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Product Details

  • Paperback: 120 pages
  • Publisher: Health Communications, Inc.; Expanded edition (February 1, 1990)
  • Language: English
  • ISBN-10: 1558740708
  • ISBN-13: 978-1558740709
  • Product Dimensions: 8.5 x 5.5 x 0.5 inches
  • Shipping Weight: 11.2 ounces (View shipping rates and policies)
  • Average Customer Review: 4.5 out of 5 stars  See all reviews (21 customer reviews)
  • Amazon Best Sellers Rank: #139,331 in Books (See Top 100 in Books)

Editorial Reviews

About the Author

Janet Woititz was the author of Adult Children of Alcoholics, which was on the New York Times bestseller list for over a year. She wrote several other books, including Lifeskills for Adult Children; The Self-Sabotage Syndrome; The Struggle for Intimacy; Marriage on the Rocks; Healing Your Sexual Self and many others. Woititz was the director and founder of the Institute for Counseling and Training in West Caldwell, New Jersey.

Alan Garner, M.A. is a nationally-known relationship-skills trainer who lives in Laguna Hills, California. He is the author if several books including the million-copy selling It's OK To Say No To Drugs, a parent/child manual.

Excerpt. © Reprinted by permission. All rights reserved.



Chapter One

Making Contact With Others


I feel like I'm staring at a banquet. All around are people I'd like to meet, but I never seem to make contact. The distance between us, it may be just a few feet, but it feels like a million miles. Everyone else looks so comfortable and seems to have such an easy time making friends. If only I knew lust the right thing to say.
Terri


Adult children cringe at the idea of having to make small talk. Growing up in a dysfunctional family means that social skills were not adequately developed. Few people really enjoy small talk, but it is a necessary part of the socialization process.

If you only have started to connect with others since you've been in recovery, you are learning to relate on the level of personal problems and pain. That is fine for identifying within the program and appropriate for a support group, but, the truth is, there is life beyond the programs.

In the larger culture, and even with program people outside of meetings, personal problems and pain are best shared with people as intimacy grows. Getting to that level is a part of a process that begins with small talk and evolves from there. Small talk is the most non-threatening way that people can begin to know each other. People respond as much to tone and energy as to content. Rushing into personal things creates a sense of intimacy before it really exists. And, believe it or not, talking trivia can be fun.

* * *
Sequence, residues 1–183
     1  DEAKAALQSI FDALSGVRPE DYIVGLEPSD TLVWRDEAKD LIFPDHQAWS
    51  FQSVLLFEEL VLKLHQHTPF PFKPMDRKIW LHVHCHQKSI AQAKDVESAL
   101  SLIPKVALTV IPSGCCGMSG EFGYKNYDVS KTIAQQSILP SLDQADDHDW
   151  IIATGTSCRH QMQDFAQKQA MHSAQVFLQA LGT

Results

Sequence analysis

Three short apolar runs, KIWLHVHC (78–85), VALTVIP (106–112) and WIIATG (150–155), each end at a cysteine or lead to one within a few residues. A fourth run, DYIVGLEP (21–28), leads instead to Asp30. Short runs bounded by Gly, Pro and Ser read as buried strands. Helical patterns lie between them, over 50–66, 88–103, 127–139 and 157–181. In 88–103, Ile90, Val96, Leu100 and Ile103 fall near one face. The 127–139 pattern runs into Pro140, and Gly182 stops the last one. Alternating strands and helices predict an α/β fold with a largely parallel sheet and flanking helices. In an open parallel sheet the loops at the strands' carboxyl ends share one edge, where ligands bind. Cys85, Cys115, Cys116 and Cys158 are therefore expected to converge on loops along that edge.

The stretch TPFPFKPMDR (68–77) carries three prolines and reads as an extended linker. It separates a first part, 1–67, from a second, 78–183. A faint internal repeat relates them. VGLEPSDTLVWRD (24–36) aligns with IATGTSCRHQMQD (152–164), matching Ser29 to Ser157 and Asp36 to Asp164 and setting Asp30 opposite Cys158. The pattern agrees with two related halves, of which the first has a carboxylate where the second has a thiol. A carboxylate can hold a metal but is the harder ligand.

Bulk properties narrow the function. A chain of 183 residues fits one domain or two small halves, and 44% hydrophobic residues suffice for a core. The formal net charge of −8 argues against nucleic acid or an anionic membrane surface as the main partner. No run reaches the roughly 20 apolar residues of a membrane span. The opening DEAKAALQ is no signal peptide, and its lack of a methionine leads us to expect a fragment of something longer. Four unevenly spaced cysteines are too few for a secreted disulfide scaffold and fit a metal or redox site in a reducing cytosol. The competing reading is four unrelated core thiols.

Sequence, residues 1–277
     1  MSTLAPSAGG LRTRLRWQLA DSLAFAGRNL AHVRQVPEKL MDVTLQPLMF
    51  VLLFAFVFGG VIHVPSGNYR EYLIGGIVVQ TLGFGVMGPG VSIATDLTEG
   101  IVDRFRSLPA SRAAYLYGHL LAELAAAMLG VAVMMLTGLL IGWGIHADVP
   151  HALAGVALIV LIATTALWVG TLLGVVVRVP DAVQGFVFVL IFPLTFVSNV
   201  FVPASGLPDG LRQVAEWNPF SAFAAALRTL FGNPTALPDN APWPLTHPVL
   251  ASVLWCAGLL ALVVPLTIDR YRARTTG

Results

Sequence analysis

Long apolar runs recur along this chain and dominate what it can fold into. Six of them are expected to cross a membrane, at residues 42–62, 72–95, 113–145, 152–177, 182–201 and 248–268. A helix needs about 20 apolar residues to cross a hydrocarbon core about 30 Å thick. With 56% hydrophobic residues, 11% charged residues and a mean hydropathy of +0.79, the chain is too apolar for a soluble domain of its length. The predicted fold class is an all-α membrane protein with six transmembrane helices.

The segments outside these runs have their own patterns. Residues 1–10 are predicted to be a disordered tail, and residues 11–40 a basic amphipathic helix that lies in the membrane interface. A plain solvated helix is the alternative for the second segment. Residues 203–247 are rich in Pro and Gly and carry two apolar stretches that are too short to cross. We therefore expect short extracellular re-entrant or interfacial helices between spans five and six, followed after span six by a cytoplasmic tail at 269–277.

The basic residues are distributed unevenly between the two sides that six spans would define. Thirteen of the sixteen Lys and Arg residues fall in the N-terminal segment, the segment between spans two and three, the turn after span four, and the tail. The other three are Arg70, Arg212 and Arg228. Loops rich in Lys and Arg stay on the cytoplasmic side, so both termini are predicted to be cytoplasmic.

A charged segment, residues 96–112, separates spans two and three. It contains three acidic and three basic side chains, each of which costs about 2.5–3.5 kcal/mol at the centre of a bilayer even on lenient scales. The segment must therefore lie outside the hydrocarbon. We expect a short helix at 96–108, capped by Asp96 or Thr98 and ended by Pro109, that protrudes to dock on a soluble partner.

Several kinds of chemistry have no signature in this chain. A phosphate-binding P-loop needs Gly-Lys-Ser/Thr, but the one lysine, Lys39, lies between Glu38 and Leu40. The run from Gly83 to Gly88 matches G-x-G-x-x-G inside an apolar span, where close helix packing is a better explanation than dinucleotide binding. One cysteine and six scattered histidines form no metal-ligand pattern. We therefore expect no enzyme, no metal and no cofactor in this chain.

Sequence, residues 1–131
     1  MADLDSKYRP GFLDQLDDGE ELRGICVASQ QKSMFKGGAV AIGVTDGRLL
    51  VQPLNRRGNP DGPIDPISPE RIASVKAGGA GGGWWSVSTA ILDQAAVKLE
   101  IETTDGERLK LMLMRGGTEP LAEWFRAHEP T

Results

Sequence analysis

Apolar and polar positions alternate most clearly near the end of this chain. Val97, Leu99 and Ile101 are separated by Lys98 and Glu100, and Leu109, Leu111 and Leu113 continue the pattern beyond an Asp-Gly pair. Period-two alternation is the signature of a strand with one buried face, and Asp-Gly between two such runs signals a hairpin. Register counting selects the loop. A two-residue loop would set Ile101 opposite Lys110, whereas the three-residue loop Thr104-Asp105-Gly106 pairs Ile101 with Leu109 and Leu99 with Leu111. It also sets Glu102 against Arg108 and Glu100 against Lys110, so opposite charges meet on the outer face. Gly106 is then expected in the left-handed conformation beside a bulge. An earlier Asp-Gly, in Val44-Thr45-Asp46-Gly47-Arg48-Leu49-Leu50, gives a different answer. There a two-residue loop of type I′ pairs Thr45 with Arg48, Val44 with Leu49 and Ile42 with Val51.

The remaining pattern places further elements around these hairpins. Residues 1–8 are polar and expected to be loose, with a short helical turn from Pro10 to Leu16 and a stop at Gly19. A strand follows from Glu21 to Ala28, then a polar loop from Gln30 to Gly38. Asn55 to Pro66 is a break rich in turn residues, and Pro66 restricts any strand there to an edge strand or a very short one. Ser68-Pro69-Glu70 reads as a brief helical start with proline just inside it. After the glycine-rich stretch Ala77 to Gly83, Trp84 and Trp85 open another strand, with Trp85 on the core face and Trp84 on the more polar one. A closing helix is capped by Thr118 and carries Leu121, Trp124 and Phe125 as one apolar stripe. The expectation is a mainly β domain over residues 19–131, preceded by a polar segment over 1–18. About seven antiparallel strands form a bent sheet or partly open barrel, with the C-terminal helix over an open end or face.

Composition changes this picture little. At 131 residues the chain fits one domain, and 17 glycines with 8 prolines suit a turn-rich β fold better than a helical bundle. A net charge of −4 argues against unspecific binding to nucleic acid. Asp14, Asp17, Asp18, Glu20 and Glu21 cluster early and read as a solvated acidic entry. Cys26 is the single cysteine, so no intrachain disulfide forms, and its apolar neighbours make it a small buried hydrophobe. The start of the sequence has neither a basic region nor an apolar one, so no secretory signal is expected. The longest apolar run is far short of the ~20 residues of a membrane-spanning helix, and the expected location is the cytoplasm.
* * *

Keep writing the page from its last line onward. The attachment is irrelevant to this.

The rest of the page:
Making contact with others will be easier when you know a few simple truths and develop some skills. The first truth is that most people also feel uncomfortable when they are getting conversations going. They only look at ease, just as you probably do to them. Second, most people would like to have more friends in their lives, just as you would. Third, most people are pleased when someone approaches them, as it takes the pressure off them. This chapter will teach you skills that will help you do better in starting conversations, keeping your conversations going, and talking about yourself.


Starting Conversations


There is no need for you, like Terri, to search for "just the right thing to say." The truth is that dull, ordinary openers can work even better than clever openers. The main thing is to say something. When you say something, you've made contact, you've opened up the possibility of establishing a relationship, of making a friend. If others are interested, they will respond, and you can apply the skills in this book to use what they say to get a conversation going. There are basically three subjects you can talk about when you start a conversation: yourself, the other person, and the situation.

Talking about the other person or the situation you are both in is far more likely to get the other person involved than only talking about yourself. Why!? Because others are much more interested in themselves and what they're doing than they are in you, especially when they don't even know you. When you look at the following openers, you'll see that those on the right, those that talk about the other person or the situation, are far more likely to get conversations going. The best idea is to make the "I" statement first to show your own willingness to share and so as not to appear intrusive.


BEGIN I'm looking forward to this movie.
CONTINUE What have you heard about it?

BEGIN I'm late for work.
CONTINUE Why do you think the bus is late?

BEGIN I'm a friend of the host.
CONTINUE How did you happen to get invited to this party?

There are basically three things you can say when you start a conversation: You can ask a question, voice an opinion, or state a fact.

To get others to want to join you in conversation, you have to interest and involve them. Asking questions is far more likely to do this than relating only your own opinions or stating facts. For example, consider how much more likely the "CONTINUE" questions are to generate interest than the opinions or facts on the left: